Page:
Arrest in Dubai: Procedural Aspects

19 Apr 2022

On April 2021, twelve women were arrested in Dubai accused of public debauchery after an outdoor nude photoshoot. Public debauchery bears a sentence of up to six (6) months in prison plus UAE Dirhams five thousand (AED 5,000) fine. The arrest is the act of seizing someone and taking them into custody, and all persons who commit an offense in the UAE are subject to prosecution by the UAE’s authorities. As per article 121 of the UAE Constitution of 1971, the federation is authorized to pass laws regarding significant legislation related to penalty laws. Based on the Constitution, the federal legislator of UAE passed the Penal Code under Federal Law Number 3 of 1987 (the Penal Code). The Penal Code comprises of 434 articles, divided in two books:

  1. The general provisions (first book): it is divided into nine chapters: preamble provisions, Penal Code application Scope, crime, criminal responsibility and preventatives, penalty, pleas, stringent and relieved discretional circumstances, criminal plotting, social defense and comprehensive, criminal and judicial amnesty.
  2. Crimes and penalties (second book): they are divided into eight chapters: national security crimes and their interests, public office crimes, rule of justice violation crimes, public danger crimes, religious or ritual crimes, family crimes, individually incurred crimes, and financial crimes.

As an Islamic country, the first article of the Penal Code lays down that Islamic Sharia Provisions must apply to punishment, retribution, and blood money crimes. On the other hand, this Code has been amended by Federal Law Number 34 of 2005 and the Federal Law Number 52 of 2006.

According to the Penal Code, different situations lead to an arrest. First, an individual, organization, or governmental authority file a complaint at a police station, or a person is arrested while supposedly committing a crime. In the case of a non-violent crime or financial crime offenses, the suspect may be requested to give a declaration or to discuss the matter at a police station in the jurisdiction in which the complaint is filled. A lawyer can accompany the accused, but the lawyer cannot take a deposition. Based on the appreciation by the investigators during the deposition, an individual can be detained until formal detention is made or the prosecutor’s office rejects the case. An individual can be legally arrested for 48 hours at a local police station. Once transferred to the public prosecution, the prisoner can be under custody 24 hours before the official investigation starts. The prosecutor can expand the arrest of the suspicious for a maximum period of 14 days. The Court can as well extend the period of arrest for renewable, 30-day periods. For offenses where bail applies, a release is always reliant on meeting the conditions set for bail, challenging. There is no bond in the UAE, and agencies providing this facility are not acceptable to function in the UAE. The prosecutor’s bureau can file an official complaint and endorse charges and a formal capture. Following approbation of the complaint, a capture warrant is delivered to arrest the suspected offender, and an alert is allotted to all entry points and exit (travel ban). If the perpetrator is already in the police station’s custody with jurisdiction over the case, his/her statement should be officially taken within twenty-four (24) hours.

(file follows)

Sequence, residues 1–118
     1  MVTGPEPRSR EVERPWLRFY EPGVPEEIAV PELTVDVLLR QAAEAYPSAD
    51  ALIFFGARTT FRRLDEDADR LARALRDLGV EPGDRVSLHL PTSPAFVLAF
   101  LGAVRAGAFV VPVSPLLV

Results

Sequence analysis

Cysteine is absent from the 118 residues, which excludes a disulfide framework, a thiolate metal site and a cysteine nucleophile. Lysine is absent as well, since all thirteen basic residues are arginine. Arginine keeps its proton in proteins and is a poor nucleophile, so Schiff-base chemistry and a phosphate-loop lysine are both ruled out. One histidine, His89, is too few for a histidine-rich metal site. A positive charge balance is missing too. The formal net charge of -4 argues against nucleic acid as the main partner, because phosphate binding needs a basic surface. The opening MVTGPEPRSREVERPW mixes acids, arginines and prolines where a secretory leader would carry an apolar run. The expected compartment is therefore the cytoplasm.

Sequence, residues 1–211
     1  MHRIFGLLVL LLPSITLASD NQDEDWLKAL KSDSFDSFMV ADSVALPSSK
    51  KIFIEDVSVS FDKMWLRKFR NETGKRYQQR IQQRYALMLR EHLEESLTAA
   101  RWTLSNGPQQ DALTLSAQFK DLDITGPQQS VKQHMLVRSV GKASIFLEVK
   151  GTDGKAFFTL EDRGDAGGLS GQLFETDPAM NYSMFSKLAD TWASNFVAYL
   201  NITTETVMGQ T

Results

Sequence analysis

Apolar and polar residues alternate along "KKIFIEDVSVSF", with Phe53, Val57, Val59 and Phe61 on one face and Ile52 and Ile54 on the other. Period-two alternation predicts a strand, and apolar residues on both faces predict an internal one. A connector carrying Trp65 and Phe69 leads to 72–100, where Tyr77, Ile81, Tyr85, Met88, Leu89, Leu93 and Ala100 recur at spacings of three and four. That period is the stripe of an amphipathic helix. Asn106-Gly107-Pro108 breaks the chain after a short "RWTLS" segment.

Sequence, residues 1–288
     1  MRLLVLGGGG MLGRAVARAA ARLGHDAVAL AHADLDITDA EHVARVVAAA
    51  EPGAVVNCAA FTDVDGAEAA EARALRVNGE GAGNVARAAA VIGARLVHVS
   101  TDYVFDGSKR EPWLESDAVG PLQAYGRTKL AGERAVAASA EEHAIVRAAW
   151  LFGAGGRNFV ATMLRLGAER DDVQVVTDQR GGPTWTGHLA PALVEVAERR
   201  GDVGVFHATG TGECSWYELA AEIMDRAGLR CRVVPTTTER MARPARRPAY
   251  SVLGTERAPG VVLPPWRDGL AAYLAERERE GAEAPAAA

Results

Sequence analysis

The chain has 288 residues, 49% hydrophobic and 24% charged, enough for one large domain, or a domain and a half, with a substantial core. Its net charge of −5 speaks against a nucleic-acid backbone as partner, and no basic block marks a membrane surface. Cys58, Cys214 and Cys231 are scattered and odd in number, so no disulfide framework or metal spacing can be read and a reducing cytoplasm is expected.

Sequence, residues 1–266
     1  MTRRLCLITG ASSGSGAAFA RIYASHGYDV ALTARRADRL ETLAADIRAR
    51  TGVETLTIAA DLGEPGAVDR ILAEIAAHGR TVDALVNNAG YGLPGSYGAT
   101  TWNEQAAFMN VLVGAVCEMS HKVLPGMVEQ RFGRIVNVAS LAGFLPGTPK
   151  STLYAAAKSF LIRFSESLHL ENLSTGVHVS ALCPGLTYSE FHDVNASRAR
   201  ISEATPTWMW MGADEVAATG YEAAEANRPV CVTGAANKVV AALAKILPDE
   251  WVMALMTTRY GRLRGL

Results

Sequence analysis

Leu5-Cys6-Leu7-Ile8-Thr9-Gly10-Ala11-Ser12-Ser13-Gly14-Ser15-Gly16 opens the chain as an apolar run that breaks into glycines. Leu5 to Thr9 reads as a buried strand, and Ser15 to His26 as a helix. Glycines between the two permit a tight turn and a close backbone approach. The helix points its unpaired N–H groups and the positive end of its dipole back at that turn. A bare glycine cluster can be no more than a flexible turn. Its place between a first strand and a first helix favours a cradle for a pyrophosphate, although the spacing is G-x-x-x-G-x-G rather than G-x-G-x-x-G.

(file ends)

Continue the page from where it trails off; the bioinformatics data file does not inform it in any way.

Arrest periods fall under federal jurisdiction and are equal across the UAE. The length of arrest periods is frequently affected by the level of bail mandatory for pre-trial issue, which is resolute on a case-by-case basis. For cases involving the distribution of narcotics, grievous injury, or death, bail is unlikely to be granted. In detention, local telephone calls are acceptable, but there is no privacy assurance because the information given over the phone may be contemplated as evidence. Furthermore, the UAE is not part of the Vienna Convention on Consular relations. Under the UAE Penal Code, crimes are divided into three (3) categories:

  1. Contraventions: any act or omission punishable under the laws, by one or both of the two (2) following consequences: custody for not less than twenty-four (24) hours and not more than ten (10) days and a fine not exceeding one thousand Dirhams (AED 1,000).